I drove my staff down to the floor, and thunder rumbled from the impact. In the blink of an eye, arcs of lightning shot through the hall, and where they struck, the floor exploded, throwing up shards of the marble tile. The lightning burst with a percussive explosion and lanced toward Li-Ming. But it never found her. The jagged streaks of light were frozen in the air, while Li-Ming had her arms extended, concentrating intensely. Undeterred, I continued to summon the lightning, and the storm grew worse and worse. The lightning hung over Li-Ming like an unfurled fan until she could hold it at bay no longer. The electricity arced through her, driving her to the floor and exploding around her in a cascade of sparks and white light.
Unsure of her intentions, I ignited the storm, which turned from electricity to a raging inferno that filled the entirety of the great hall and seared my own flesh, threatening to exhaust the last of my strength. When Li-Ming blinked into view again, she was engulfed in flames. I heard her scream as the fire burned her. The tiles shifted beneath my feet as I approached. Clinging to the spell that kept the floor from falling, I leveled my staff at her crumpled form.
The ground felt solid as I stood before Li-Ming, and I was relieved that it supported my weight.
"You still have much to learn, Li-Ming."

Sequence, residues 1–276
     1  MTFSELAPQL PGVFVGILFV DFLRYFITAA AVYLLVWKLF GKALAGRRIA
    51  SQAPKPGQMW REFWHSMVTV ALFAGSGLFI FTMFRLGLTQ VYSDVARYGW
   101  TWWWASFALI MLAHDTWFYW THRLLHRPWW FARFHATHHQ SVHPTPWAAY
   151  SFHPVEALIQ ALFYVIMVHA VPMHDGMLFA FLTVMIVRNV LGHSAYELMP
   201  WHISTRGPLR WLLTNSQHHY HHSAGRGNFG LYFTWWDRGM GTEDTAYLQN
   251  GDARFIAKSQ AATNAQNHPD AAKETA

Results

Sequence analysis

I thrust my staff at her, but where I should have struck flesh, Li-Ming's body dissipated into nothing.
I turned just in time to see her behind me. I opened my mouth and tried to grasp a spell, any spell, but an explosion rocked my vision. I lost control of the spell, lost my hold on the broken floor beneath me. It heaved and shattered, and everything fell away. I fell and fell, tumbling into darkness, until I crashed into the cold stone floor of the catacombs.
As I lay there, my body battered, I was surrounded by the smell of fire and dust. Li-Ming floated down from above and landed, kneeling next to me.
She said, "You believe that I have not learned your lessons, but I have. I learned the lesson of Isendra's death. But I was given my power for a reason, and it is my burden to use it. I will use it, not fear it as you do."
"What if you cannot control it?" My voice came in a rasp. "With your power, you could break the world."
"Then the world will weep." She turned her back to me. "There is one thing I must ask you, Master."
I was silent, for I knew what must follow. There was nothing else that Li-Ming had to learn from me.
"Why did Isendra die? Tell me the truth," she said.
"I know no more than you."
Li-Ming nodded and stepped into the air.
I opened my mouth to speak again, but the shadows consumed everything.